The Dolly's Dress

Always make it a pair. When buying a bra, get the matching panty. When sewing a dress for a little girl, make one for her dolly, too.

Mom sat quietly in front of the sewing machine, the lamp shining brightly over her shoulder onto the tiny dress she held on her lap. A matching one, only slightly larger, already hung in a little girl’s closet, far away in Australia. 

Mom turned the dolly’s dress inside out to inspect the waistline seam she had just sewn. She frowned and slowly pulled out each little stitch: something wasn’t right. This was for her first granddaughter. The dolly dress must match the girl’s dress perfectly.

 Mom, Isabel, dress. Photo by Karen Dean.

Mom, Isabel, dress. Photo by Karen Dean.

My own sewing lessons ended abruptly years ago when I broke a fourth needle. Mom had, however, successfully taught me the satisfication of sewing—precision—particularly when attaching a full skirt to a fitted bodice. Each stitch must take in more fabric from the skirt than from the bodice, but it must do so invisibly. Begin by pinning the side seams to one another, then pin the center and the back of the skirt. Do not sew. A gathered seam must first be basted. Cut a long section of cheap thread and sew it first by hand. Squish, push, squeeze the fabric. Do not fold it: we are gathering, not pleating. 

Once the dress was finished, she hung it on a tiny hanger next to her sewing machine, anticipating the dolly’s next visit. Mom refused to mail the dress, preferring to gift it in person so she could savor the delight it would elicit. 

As the months passed, though, her cancer progressed. She could hardly walk by the time the little girl arrived, but in the middle of the international arrivals lounge, next to the luggage carousel, dolly was stripped and joyfully transformed into something quite perfect.


- After her mother’s death, Jerilyn Sambrooke took a renewed interest in sewing but has yet to master the fine art of a gathered skirt. Jerilyn currently lectures in the Rhetoric Department at the University of California, Berkeley. She is also working on a memoir, Alpenglow: A Year of Darkness, that narrates the year following her mother’s death. Her reflections on grief owe much to her academic research on religious practice and secular life in contemporary fiction.

Blue and Grey and Brown

The walk-in closet smells like lavender, shoe polish, cedar and dry cleaning chemicals. This is what a man’s closet should smell like. There are 130 shirts (dress and casual), 13 suits, 9 pairs of jeans, 7 pairs of slacks, 25 pairs of shoes, 10 belts, and 14 sweaters. This closet comes with many instructions:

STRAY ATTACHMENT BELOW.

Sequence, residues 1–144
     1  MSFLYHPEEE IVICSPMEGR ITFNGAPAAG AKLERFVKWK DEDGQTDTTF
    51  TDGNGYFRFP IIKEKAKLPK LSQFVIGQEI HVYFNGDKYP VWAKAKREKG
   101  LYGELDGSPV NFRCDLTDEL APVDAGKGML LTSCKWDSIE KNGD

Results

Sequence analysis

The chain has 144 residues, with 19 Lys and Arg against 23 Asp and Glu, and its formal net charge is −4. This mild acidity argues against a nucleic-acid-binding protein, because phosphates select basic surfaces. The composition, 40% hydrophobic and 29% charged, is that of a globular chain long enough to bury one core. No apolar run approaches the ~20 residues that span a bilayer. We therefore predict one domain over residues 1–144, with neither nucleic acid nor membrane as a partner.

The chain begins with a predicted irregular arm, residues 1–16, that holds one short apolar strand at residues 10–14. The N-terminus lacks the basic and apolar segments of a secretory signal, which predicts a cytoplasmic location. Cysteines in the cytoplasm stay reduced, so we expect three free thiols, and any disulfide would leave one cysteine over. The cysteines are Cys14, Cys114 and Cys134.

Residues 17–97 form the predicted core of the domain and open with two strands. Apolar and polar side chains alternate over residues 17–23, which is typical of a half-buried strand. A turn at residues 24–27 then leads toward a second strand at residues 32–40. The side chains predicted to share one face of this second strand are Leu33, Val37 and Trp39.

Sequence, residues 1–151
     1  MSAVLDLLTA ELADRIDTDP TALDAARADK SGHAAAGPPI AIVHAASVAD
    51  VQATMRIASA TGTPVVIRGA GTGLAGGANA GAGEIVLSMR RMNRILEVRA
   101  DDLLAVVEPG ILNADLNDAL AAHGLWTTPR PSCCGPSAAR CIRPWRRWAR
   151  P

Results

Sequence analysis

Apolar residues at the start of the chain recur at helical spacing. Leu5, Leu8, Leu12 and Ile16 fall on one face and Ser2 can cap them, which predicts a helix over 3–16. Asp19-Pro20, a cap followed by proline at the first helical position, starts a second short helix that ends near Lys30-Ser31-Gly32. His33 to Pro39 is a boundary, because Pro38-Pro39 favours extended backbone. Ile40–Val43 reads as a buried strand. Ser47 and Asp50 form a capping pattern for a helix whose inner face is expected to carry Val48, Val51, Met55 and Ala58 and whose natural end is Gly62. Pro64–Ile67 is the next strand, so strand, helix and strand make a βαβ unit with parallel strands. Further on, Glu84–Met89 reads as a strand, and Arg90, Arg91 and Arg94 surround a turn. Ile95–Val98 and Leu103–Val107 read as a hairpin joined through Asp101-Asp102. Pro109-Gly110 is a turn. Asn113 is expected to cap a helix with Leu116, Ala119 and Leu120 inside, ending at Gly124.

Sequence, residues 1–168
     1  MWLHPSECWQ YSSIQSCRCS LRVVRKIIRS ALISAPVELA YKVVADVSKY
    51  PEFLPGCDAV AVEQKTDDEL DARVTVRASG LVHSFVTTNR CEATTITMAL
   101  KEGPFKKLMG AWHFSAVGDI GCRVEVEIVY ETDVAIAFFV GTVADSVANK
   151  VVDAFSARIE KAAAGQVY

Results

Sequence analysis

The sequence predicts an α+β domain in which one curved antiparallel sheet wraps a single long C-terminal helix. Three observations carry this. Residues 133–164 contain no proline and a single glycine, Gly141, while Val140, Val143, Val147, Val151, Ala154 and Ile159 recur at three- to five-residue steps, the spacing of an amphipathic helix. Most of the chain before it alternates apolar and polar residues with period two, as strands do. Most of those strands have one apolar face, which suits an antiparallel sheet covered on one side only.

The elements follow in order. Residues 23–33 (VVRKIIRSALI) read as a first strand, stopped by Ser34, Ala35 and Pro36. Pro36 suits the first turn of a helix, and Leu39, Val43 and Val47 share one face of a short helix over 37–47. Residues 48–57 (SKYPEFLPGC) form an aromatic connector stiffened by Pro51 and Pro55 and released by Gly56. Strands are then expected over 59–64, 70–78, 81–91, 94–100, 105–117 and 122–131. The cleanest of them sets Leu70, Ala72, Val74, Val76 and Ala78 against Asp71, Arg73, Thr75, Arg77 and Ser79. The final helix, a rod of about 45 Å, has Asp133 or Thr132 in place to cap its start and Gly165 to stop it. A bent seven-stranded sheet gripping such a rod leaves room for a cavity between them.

He keeps the sweaters in clear boxes with a bar of Yardley Lavender soap in each box, along with three cedar balls the size of Milk Duds. The clear boxes are dusted regularly.

Because it is the best kind of lavender soap.

He only hangs ties on the tie rack and never with a knot in it. Silk is only so forgiving, he explains as he smooths down the wrinkles from that day’s knot. 

No, I don’t need ties that are more fun. These ties are appropriate. 

 John in an appropriate navy pinstripe, at his college graduation.

John in an appropriate navy pinstripe, at his college graduation.

His shirts from the dry cleaner are hung on the right-most part of the closet because new shirts are chosen from the left-most. They rustle like fall leaves in their dry cleaning bags as he squares the shoulders and lines them up perfectly. 

White and blue are the only acceptable colors for a man’s dress shirt. Pink is for salesmen. I am not a salesman.

Laundered shirts are hung by color grouping and sleeve length. 

Your mother shrunk this one.

Jeans in one section, slacks in another, hung legs on the left, perfectly aligned on trouser hangers.

Because that is the correct word for them.

All shoes, even gym shoes and sandals, have shoe trees in them; big, heavy, shoe trees that feel more like weapons than items of haberdashery. They are all cedar. 

If you treat them right, all shoes can last a decade or more. These are older than you, dear.

Suits stay in their waxed canvas bags until they are worn, and they go right back in at the end of the day. He tells me where and when he bought each suit, and the thought process involved in each. 

No. I prefer dark blue and dark grey. Brown is too midwestern. Black is for nightclub owners.

When I have to clean out his closet, and choose a suit for him to wear in the casket, the choice is easy, as if he was making it for me.